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An important miscue in clopidogrel pharmacogenomicsDec 27, 2011 16:00 EST
In the December 28, 2011 issue of the Journal of the American Medical Association, Holmes and colleagues publish what they label as a "systematic review and meta-analysis" of clopidogrel CYP2C19 genotyping, platelet function, and cardiovascular events . There has been no shortage of meta-analyses of clopidogrel platelet-function testing and genotyping and their relationship with clinical outcomes [1,2,3].
But the current one is remarkably misleading. While it reviews data from 32 studies in over 42 000 patients, the conclusion is that "there was no significant association of genotype with cardiovascular events." This conclusion is directly contradicted by the data presented, showing a significant and highly consistent excess of stent thrombosis in patients with a loss-of-function CYP2C19 allele. The absolute increase of stent thrombosis was 14 per 1000 individuals. With over one million patients undergoing coronary stenting per year in the US, this extrapolates to over 14 000 stent-thrombosis events per year.
Stent thrombosis results in either death or heart attack. In a prior meta-analysis by Mega and colleagues who studied 9685 patients undergoing coronary stenting, the stent thrombosis hazard ratio among carriers of a loss-of-function CYP2C19 allele was 2.67 and for homozygotes it was 3.97. Beyond stent thrombosis, there was also a significant excess of death, MI, and stroke for either carriers or homozygotes . Similarly, in an analysis by Hulot and colleagues among 4905 patients who had coronary intervention, there was an odds ratio of 3.45 for stent thrombosis for individuals carrying a loss-of-function CYP2C19*2 allele .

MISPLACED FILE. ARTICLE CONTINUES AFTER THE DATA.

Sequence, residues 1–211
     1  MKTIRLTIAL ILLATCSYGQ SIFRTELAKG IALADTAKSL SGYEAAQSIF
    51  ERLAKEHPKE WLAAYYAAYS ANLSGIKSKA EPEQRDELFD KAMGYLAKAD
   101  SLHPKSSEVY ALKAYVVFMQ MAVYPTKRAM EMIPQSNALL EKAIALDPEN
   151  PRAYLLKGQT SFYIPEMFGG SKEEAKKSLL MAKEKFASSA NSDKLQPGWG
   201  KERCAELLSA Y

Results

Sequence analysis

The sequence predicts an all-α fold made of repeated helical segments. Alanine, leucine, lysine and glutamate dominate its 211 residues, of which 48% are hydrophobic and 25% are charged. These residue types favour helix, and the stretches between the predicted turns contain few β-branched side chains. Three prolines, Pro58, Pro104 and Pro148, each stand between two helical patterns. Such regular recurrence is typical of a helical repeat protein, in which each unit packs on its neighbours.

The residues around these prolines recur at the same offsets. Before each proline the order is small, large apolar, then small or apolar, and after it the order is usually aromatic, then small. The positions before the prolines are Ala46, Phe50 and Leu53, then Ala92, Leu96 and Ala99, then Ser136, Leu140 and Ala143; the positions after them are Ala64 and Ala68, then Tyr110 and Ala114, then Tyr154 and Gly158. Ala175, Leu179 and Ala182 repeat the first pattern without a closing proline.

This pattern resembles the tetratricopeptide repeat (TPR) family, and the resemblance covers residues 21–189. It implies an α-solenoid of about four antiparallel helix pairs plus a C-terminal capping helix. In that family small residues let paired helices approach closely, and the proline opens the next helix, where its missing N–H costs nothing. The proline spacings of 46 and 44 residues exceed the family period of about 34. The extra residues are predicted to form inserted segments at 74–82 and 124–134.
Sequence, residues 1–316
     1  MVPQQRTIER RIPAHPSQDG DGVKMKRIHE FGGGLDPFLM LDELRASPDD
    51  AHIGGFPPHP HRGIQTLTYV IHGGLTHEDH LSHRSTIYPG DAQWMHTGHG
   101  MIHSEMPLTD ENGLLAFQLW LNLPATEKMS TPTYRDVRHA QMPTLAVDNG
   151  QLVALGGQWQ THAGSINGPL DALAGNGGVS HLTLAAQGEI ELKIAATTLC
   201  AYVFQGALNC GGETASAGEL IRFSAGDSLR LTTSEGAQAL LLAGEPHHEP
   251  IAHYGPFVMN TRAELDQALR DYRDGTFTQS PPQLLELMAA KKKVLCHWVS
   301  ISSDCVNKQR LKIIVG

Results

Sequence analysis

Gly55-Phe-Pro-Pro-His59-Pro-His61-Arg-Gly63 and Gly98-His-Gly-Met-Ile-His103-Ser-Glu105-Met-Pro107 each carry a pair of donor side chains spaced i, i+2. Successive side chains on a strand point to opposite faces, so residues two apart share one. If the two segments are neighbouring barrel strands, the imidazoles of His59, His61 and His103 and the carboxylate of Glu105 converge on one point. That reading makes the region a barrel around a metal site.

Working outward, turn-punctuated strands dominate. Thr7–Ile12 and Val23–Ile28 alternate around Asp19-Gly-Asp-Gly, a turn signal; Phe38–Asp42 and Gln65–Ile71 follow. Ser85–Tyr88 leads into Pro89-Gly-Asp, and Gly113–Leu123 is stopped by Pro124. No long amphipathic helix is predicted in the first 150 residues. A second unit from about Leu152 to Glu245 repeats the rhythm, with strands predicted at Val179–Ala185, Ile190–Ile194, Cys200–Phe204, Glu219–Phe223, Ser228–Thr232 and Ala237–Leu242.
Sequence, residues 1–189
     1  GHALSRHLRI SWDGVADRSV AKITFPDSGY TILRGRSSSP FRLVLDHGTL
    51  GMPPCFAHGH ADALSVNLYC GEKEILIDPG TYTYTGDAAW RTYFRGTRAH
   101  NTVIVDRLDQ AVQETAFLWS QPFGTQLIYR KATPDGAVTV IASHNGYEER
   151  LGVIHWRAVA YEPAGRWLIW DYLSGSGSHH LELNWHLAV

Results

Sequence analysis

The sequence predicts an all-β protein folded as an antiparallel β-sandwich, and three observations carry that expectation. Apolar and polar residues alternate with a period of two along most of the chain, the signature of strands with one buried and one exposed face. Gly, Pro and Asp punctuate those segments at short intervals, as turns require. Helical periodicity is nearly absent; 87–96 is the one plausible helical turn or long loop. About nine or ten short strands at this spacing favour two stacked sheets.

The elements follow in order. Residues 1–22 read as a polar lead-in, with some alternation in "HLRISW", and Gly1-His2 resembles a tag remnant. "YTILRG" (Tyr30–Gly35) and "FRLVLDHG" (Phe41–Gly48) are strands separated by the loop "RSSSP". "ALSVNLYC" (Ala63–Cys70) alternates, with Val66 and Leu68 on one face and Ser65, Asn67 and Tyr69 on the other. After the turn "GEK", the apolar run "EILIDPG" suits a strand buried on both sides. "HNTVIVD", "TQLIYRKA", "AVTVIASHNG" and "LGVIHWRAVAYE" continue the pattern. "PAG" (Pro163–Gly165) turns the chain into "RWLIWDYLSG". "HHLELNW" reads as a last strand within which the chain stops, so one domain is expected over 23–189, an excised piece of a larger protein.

Accordingly, a critical flaw of the analysis by Holmes and colleagues was the lack of testing for heterogeneity among patients who underwent stenting as compared with those treated medically. No data for a genotype-by-treatment (medical vs stenting) interaction was provided. The analysis includes a large number of patients from trials that had nothing to do with coronary stenting (eg, atrial fibrillation or STEMI patients treated with thrombolytics) and assess outcomes where the benefit of clopidogrel itself is dubious (eg, target vessel revascularization). Instead of acknowledging the prior extensive body of work that unequivocally documents the stent thrombosis liability for patients who do not metabolize clopidogrel normally, the authors ignored this and homogenized the data, resulting in an erroneous and sweeping conclusion. In fact, all of the prior work on clopidogrel pharmacogenomics has demonstrated the CYP2C19 loss-of-function variants to be important only in coronary stenting patients and does not show up in those medically treated. It makes perfect sense that a metal implant in a coronary artery would pose a particular vulnerability to inadequate platelet suppression.